It’s that time of year again. Fifteen years later, and I still cannot wrap my head around what happened. I’ll never be able to. I’ll never understand why anyone would hate so much that they would kill themselves just to try to destroy the thing they hate. I’ve been angry; I’ve even hated some people and ideals. But I will never comprehend that level of pure, unadulterated hate.
I do not believe politics and religion should have anything to do with each other (and neither did America’s Founding Fathers), but this op-ed from the Los Angeles Times today tries to clarify why many Muslims do. There is no separation between civic law and religious law for them. That’s cool. That’s why Muslim countries are what they are. But it doesn’t explain why some zealots decided to impose their version of Islam on everyone else, why the destruction of everything they did not agree with became their sole cause. Blaming every other Muslim for these lunatics is not the way to end terrorism. That is just more hatred I do not understand.
On this day fifteen years ago, the United States was ushered into a world that most other nations had been living in for decades. It is a world of fear and worry and, yes, hatred. It is poisonous, and you only have to look at the current election cycle to see what it has done to us. I am ashamed of all the people who think the Republican candidate is right. They are giving in to their anger and hatred. They are letting their fear win over any possibility of hope or peace. They are the most un-American Americans I have ever seen.
It’s hard to remember the world before 9/11. It’s hard to remember a time when a football player’s peaceful protest became headline news (seriously, there are WAY more important things going on). It’s difficult to visualize a world where we weren’t looking for bombs in every forgotten bag and backpack. It’s hard to picture the New York skyline without that huge scar of blank space on it. (Yes, they’ve built a new tower, but it just isn’t the same; it never will be again.) That’s partly why I chose Ryan Adams’ “New York, New York” as my song this year. It was filmed right before the attacks, and you can see the World Trade Center towers standing tall and proud.
But there’s another, more important reason I chose this particular song. It’s one of two that thoroughly embodies my emotions surrounding 9/11–the other is Bruce Springsteen’s elegiac “My City of Ruins”. A huge part of my love for this song is tied up in its connection to this life-changing event. But unlike the Springsteen song, it is not filled with sadness, it is not mourning what is gone. It is full of optimism and joy and life. Adams wrote the song long before 9/11; it has absolutely no thematic connection with what happened. The video was filmed before the attacks; the only reason a disclaimer had to be added was because it was obviously released after everything was irrevocably damaged. “New York, New York” is a love song–although whether it is for a person or the place is both unclear and irrelevant. Yes, the singer had his heart broken, but he isn’t going to let that stop him. He isn’t wallowing in his grief and pain. He declares “hell, I still love you New York.”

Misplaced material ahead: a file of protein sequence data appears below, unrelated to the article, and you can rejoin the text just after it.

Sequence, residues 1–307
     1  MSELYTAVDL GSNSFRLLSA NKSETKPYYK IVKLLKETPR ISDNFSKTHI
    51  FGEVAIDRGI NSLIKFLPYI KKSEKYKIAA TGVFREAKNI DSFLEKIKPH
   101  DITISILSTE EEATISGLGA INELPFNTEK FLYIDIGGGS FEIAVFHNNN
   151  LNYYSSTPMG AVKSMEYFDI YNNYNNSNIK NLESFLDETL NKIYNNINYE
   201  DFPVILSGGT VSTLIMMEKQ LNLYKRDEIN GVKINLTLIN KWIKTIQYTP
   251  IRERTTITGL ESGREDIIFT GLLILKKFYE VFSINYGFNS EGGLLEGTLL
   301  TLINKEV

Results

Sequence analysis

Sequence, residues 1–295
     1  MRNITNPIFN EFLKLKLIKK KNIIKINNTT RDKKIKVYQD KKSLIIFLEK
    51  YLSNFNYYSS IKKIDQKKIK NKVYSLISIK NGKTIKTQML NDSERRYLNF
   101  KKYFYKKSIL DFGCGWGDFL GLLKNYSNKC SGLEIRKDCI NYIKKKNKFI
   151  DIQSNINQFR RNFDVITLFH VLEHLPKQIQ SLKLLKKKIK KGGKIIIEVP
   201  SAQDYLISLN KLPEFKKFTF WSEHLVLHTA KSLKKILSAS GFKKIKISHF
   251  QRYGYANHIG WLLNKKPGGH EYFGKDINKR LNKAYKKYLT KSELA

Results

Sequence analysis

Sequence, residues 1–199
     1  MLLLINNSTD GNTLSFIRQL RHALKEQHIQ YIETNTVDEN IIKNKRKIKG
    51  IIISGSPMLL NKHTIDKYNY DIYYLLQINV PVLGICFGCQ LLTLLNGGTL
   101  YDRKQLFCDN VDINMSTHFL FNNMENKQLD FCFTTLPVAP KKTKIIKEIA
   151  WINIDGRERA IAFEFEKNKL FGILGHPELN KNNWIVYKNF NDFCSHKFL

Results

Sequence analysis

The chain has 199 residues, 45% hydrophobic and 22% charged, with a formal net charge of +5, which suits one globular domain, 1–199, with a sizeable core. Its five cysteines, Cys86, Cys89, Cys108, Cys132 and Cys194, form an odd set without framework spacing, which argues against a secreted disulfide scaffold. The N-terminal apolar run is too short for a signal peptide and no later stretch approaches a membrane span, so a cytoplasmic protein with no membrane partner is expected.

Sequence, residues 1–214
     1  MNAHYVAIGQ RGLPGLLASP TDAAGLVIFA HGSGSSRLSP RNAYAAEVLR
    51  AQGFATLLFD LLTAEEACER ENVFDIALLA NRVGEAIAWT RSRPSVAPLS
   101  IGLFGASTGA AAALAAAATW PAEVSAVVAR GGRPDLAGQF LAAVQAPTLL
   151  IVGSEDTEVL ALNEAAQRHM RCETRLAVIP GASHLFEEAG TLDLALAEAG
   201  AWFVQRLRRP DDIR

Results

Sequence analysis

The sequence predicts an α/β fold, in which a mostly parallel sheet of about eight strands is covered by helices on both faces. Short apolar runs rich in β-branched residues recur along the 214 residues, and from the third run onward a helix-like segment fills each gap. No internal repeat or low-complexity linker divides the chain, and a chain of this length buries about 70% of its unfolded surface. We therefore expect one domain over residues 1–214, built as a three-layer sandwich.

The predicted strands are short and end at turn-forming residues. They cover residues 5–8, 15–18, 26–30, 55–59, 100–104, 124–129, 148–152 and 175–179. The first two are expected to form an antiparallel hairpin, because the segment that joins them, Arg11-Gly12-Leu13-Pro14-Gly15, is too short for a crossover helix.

“Love won’t play any games with you any more if you don’t want ’em to.” Love does not lie. It can be a little misguided, and it can hurt sometimes. But it is the only truth any person will ever need in this, or any other, lifetime. Love builds space inside your heart for the whole universe. Love lets you see the world from all other perspectives. You might get angry sometimes. You are definitely going to be sad and scared. But love will always shine a light that leads you out of the darkness.
So I wish for the same thing I wish for every year on this day: that we all just love each other. Don’t give in to hate and fear. Don’t build any walls. Don’t stop people from coming to this country. Don’t ban ideas. Stop bombing people. Stop shooting people. Just stop. Listen to what the other side says. Learn about their culture and religion, and teach them about yours. Prove that you are not trying to destroy them. Prove that you really believe in the Enlightenment ideals this country was founded on. If we handed out food and books and medicine more often, maybe the kind of hatred that flourishes in some places would just die out. Because nothing kills hatred like love.
I’ll always love you New York. I’ll always love the whole world, no exceptions.